This is mark Joseph “young” blog entry #188, on the subject of Downward Upgrades.
I have been playing a game on a “smart” cellular phone for the past few months–obviously not constantly, but in spare moments when I am stuck somewhere like waiting for the washer to finish or for the dog to decide to come back inside. I’m going to name it, because this complaint is in some sense specifically their fault, although they are certainly far from unique in this. The game is called My Singing Monsters, and it’s a sort of time-eating building game with some interesting twists, the best of which was that eventually I got to create my own songs using their tools. I reached something around level forty-three or forty-four, which was far above anyone else I ever saw playing the game, the best of whom stopped playing around level thirty.
Then the game stopped working, and I know exactly why it stopped working, and in a very real sense it is the fault of the designer, and in another sense the designer is just doing what everyone does: I was forbidden to continue playing unless I installed the latest upgrade, but the latest upgrade was too big for the memory space on my phone.
It’s not as if my phone is filled with junk. I have seven “apps” (that’s short for “applications” but it means “programs”) that did not come as part of the original software–Netflix, but no saved video, Kindle with only two books at a time saved locally, a remote control for my bedroom television, my bank’s access program, a voice recorder for making quick reminder notes, a program that cleans junk off the phone and monitors its functionality, and a very small program that tells me what my phone number is when I look. I had a couple other games, but I deleted them, and very much for the reason that I just deleted this one: without me adding any new functions to my phone, the existing functions kept using up more and more resources.
This has been a habit of the software industry for a generation (well, in software terms that’s probably twenty generations, but it’s only a few decades). Once upon a time making a program “better” involved writing it such that it used less space, had fewer command lines, and did as much with less resources. Now it seems that making a program “better” means bloating it with more code to provide features the user never requested–if I’m using my phone for directions and I plug it into the power supply, that cleaner program shuts down the running map program and locks the screen; it did not do that when I first installed it, but included that “feature” which I consider a “bug” in one of the upgrades (and there is no option to disable it).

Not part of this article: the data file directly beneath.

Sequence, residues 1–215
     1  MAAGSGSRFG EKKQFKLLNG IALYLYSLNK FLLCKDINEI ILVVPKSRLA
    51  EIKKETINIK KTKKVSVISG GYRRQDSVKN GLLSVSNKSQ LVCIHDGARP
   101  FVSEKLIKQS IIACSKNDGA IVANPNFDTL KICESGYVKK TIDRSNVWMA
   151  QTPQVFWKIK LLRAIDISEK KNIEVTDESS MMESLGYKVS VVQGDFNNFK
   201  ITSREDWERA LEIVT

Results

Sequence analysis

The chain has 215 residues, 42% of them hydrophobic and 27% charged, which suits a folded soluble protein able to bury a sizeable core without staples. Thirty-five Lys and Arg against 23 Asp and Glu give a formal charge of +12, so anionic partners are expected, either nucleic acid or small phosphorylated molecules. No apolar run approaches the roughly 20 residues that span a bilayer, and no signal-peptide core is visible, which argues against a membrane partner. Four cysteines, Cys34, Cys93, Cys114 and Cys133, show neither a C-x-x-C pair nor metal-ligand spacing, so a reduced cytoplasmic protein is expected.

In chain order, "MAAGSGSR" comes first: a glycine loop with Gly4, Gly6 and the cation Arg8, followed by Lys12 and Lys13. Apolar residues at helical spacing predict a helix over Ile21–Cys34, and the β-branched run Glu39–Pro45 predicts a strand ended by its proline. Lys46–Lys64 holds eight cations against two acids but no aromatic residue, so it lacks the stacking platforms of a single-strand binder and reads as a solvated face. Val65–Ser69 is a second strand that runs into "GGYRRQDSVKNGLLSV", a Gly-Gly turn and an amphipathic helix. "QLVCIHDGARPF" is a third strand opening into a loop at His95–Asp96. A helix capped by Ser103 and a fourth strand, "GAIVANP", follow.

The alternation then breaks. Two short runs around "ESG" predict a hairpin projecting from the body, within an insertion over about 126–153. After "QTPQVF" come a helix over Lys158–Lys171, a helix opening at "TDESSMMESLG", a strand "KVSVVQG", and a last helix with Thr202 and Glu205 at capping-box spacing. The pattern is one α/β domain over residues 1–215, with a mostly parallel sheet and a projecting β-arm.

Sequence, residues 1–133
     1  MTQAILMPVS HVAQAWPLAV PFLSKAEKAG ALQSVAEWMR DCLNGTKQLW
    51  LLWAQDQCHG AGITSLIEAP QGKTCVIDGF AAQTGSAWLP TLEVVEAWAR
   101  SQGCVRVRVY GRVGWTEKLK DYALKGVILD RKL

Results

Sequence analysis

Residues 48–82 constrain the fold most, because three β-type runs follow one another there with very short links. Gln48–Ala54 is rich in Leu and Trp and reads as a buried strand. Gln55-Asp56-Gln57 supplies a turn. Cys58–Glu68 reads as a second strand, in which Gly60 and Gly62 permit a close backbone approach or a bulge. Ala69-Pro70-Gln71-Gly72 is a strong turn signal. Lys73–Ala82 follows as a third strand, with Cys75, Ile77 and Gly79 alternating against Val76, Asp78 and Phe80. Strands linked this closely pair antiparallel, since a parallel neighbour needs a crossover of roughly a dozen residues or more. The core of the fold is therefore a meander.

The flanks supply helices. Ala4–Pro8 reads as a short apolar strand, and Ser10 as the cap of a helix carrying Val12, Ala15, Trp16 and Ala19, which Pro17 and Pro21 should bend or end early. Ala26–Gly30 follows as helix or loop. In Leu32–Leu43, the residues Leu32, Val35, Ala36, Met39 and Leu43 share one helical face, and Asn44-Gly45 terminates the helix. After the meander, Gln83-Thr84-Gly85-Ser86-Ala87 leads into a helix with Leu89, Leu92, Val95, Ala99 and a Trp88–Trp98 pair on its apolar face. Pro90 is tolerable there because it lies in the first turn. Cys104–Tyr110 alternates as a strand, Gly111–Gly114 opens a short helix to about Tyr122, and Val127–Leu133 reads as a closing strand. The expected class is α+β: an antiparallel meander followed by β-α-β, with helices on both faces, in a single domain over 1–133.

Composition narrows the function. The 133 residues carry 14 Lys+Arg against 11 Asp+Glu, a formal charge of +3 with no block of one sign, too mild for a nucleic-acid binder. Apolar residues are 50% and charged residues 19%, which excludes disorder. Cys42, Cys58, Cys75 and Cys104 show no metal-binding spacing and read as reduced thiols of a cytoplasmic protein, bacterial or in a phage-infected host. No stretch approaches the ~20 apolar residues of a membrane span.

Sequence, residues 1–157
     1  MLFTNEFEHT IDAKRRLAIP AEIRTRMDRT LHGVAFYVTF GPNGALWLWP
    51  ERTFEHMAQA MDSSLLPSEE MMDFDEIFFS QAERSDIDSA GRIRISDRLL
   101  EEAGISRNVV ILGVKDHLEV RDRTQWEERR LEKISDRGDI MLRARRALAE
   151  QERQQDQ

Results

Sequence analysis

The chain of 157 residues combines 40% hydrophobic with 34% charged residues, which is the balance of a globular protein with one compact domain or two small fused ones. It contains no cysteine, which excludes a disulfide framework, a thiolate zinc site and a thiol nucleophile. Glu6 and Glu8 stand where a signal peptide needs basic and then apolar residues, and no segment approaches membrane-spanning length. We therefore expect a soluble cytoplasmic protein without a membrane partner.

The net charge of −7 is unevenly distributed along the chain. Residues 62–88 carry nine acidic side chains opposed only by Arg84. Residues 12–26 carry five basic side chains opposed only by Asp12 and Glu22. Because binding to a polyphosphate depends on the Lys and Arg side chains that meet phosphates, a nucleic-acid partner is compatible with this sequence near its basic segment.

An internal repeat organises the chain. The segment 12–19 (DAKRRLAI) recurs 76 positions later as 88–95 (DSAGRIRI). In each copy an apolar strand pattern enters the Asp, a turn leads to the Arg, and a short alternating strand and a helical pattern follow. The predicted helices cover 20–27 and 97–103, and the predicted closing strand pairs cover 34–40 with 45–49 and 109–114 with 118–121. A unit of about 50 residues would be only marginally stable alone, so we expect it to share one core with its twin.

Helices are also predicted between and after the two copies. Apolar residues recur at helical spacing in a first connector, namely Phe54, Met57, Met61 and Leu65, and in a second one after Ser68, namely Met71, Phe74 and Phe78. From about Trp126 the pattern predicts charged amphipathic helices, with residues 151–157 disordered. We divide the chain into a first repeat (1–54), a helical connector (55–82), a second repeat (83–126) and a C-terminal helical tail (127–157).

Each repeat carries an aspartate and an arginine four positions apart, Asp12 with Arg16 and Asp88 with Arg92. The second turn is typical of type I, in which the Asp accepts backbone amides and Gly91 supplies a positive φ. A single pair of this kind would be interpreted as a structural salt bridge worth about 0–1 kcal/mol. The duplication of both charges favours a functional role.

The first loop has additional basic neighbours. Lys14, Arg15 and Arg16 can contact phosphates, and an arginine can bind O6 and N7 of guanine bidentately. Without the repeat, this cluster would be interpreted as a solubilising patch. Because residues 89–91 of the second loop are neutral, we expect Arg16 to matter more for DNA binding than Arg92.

Of course, the hardware manufacturers are even more supportive of this practice in connection with phones than they were with computers. At one time when the resource demand grew too great you could upgrade the computer–install a larger hard drive, more on board RAM, faster processor, better sound or video card. With a cell phone, you can’t even add memory–oh, you can put in an SD card, but the system is designed to prevent you from running programs from it, so you can only store media there (I have a thirty-two megabyte card hosting a dozen photographs and a lot of empty space). Ultimately if you run out of room on the phone you either have to delete programs or you have to buy another phone. Industry hardware executives are of course hoping ultimately you will be forced to the latter.
So I hope that the My Singing Monsters designers hear that they lost a player because they upgraded beyond his phone’s capacity, and give some thought to whether it’s really worth making the program bigger to add features no one requested, and also that the rest of the cell phone software industry might take to heart the idea that in many cases the best way to improve a program is to make it smaller, remove worthless code and features, and have it accomplish what it is essentially made to do with a much lower use of system resources.
I’m also hoping for world peace, the brotherhood of all mankind, and a perfect hot fudge peanut butter sundae. I might get one of those.
[contact-form subject='[mark Joseph %26quot;young%26quot;’][contact-field label=’Name’ type=’name’ required=’1’/][contact-field label=’Email’ type=’email’ required=’1’/][contact-field label=’Website’ type=’url’/][contact-field label=’Comment: Note that this form will contact the author by e-mail; to post comments to the article, see below.’ type=’textarea’ required=’1’/][/contact-form]